Summon Night: Twin Age – Staff Review

There are some games out there that are appreciated for wild adventures full of excitement, intrigue, and surprise. Some other games are appreciated for their elegantly and meticulously crafted presentation. Some, still, grab players by sucking them in with an addictively interesting battle system and fantastic gameplay. Summon Night: Twin Age is not one of these games. At most, it could provide a lighthearted, quick, and rather mindless experience for only the thirstiest of RPG players.

The game takes place in a world named Clardona, on an island inhabited by the Kascuza, a race despised by most humans, who mostly live on the mainland. The stars of the game are two children on the island: a girl summoner and a boy whom she accidentally summoned once long ago. These kids have the power to sense spirits, and just a few days before an important Coming-of-Age ceremony takes place, the spirits of the land start to go haywire. As a result, the pair takes off to investigate, leading them to join forces with several people and journey to the mainland.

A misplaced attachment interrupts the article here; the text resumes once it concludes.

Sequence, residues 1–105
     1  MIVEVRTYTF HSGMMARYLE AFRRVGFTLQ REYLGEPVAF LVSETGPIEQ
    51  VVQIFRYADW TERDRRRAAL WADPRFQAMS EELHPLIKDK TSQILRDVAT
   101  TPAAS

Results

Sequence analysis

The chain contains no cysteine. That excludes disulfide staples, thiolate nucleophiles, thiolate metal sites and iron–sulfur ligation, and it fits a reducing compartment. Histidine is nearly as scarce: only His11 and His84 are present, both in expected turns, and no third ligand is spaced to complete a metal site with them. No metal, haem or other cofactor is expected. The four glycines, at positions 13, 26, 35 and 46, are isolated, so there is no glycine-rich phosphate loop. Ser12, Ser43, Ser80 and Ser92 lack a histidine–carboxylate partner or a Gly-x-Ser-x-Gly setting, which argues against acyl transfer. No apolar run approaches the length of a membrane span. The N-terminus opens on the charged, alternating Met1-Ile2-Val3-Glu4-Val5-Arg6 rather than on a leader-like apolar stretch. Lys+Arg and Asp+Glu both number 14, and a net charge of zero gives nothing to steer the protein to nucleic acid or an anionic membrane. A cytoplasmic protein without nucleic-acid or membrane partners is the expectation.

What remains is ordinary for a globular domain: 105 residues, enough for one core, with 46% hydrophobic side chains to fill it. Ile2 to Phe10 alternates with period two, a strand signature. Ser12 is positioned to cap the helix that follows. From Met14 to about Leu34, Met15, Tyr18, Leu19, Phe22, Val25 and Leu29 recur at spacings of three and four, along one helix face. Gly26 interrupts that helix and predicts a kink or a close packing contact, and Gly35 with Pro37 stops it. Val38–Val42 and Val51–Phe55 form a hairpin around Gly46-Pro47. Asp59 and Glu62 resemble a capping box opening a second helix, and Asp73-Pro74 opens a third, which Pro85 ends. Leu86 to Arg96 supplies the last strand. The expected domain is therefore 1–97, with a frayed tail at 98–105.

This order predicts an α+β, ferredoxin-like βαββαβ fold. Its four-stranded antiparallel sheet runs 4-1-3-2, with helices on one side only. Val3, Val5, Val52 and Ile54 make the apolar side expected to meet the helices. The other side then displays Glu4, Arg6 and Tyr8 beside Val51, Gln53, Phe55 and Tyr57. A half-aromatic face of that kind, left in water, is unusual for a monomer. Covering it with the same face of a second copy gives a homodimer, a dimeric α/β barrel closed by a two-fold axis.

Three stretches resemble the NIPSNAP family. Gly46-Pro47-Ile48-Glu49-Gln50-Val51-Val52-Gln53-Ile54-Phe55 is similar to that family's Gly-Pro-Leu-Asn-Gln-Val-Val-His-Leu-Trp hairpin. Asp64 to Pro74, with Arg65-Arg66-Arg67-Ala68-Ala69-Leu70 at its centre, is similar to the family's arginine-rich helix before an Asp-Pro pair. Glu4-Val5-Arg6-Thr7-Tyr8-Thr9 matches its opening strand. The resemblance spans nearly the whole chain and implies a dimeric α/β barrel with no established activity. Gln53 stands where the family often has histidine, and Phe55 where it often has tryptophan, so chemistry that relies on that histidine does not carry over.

Combat is intuitive and simple, but after awhile, simple can become boring.
Combat is intuitive and simple, but after awhile, simple can become boring.